US embassy cable - 03HALIFAX10

CANADIAN PORT SECURITY MEASURES ANNOUNCED IN HALIFAX

Identifier: 03HALIFAX10
Wikileaks: View 03HALIFAX10 at Wikileaks.org
Origin: Consulate Halifax
Created: 2003-01-23 15:13:00
Classification: UNCLASSIFIED
Tags: PTER ASEC PGOV ETRD EWWT CA Ports Trade Transportation Border Patrol
Redacted: This cable was not redacted by Wikileaks.
This record is a partial extract of the original cable. The full text of the original cable is not available.

UNCLAS SECTION 01 OF 02 HALIFAX 0010 
 
SIPDIS 
 
DEPT FOR WHA/CAN 
 
E.O. 12958: N/A 
TAGS: PTER, ASEC, PGOV, ETRD, EWWT, CA, Ports, Trade, Transportation, Border Patrol 
SUBJECT:  CANADIAN PORT SECURITY MEASURES ANNOUNCED IN HALIFAX 
 
REF:  02 HALIFAX 196 
 
1.  SENSITIVE BUT UNCLASSIFIED - ENTIRE TEXT. 
 
2.  (SBU) SUMMARY AND COMMENT: Atlantic Canada and Halifax port 
officials are satisfied that the Canadian government's port 
security initiative, announced at a Halifax news conference by 
four federal cabinet ministers on January 22, is a step in the 
right direction.  Local officials welcomed the government's 
C$172 million package but have questions about how much of that 
money will end up at Halifax port.  Moreover, they insist that 
local efforts to bolster security at this port, such as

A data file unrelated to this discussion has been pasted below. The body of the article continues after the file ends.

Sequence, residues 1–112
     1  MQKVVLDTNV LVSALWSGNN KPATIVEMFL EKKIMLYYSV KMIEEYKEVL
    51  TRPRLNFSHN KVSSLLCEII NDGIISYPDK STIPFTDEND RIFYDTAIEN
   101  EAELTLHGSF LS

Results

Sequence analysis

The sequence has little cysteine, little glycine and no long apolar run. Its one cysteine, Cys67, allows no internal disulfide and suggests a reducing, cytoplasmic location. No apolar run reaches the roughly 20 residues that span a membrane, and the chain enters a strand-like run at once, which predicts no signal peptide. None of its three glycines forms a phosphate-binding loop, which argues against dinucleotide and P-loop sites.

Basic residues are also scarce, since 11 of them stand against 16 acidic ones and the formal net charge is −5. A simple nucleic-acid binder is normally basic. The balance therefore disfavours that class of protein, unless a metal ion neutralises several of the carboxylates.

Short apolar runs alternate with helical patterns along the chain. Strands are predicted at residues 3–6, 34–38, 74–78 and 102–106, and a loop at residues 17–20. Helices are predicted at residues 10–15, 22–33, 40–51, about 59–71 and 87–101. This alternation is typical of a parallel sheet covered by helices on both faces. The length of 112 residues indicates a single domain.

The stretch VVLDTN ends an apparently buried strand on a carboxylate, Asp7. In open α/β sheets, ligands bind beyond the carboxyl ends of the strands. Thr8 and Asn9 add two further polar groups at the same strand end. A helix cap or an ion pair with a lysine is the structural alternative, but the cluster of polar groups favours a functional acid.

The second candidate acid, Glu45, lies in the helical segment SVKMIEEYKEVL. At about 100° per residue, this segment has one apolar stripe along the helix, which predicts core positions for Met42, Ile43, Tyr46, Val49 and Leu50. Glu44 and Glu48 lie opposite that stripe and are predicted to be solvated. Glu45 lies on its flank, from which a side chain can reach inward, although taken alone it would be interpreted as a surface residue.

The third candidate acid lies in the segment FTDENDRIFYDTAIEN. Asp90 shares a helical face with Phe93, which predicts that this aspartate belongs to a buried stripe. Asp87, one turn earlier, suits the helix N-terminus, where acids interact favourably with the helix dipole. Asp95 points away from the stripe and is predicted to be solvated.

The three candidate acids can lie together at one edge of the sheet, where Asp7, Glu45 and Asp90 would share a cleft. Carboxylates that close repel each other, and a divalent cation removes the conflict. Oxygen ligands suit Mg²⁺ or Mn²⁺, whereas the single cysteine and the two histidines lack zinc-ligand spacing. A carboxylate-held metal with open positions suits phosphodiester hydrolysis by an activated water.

tightening background checks on port employees and installing 
high-tech screening systems for incoming marine containers, are 
already accomplishing many of the objectives laid out in the 
federal government's five-year plan.   They are skeptical that 
the proposed package will take port security much farther than 
where the ports are going themselves at their own initiative, 
and they warn that some of the government's proposed measures 
fail to focus on the main threat: the possibility of a nuclear 
or chem-bio device hidden inside a shipping container entering 
Halifax from overseas but destined for the United States.  (END 
SUMMARY AND COMMENT) 
 
3.  (SBU) At a press conference on the Halifax waterfront, four 
federal cabinet ministers---Transport Minister David Collenette, 
Solicitor General Wayne Easter, Fisheries Minister Robert 
Thibault, and Customs/Revenue Minister Elinor Caplan---announced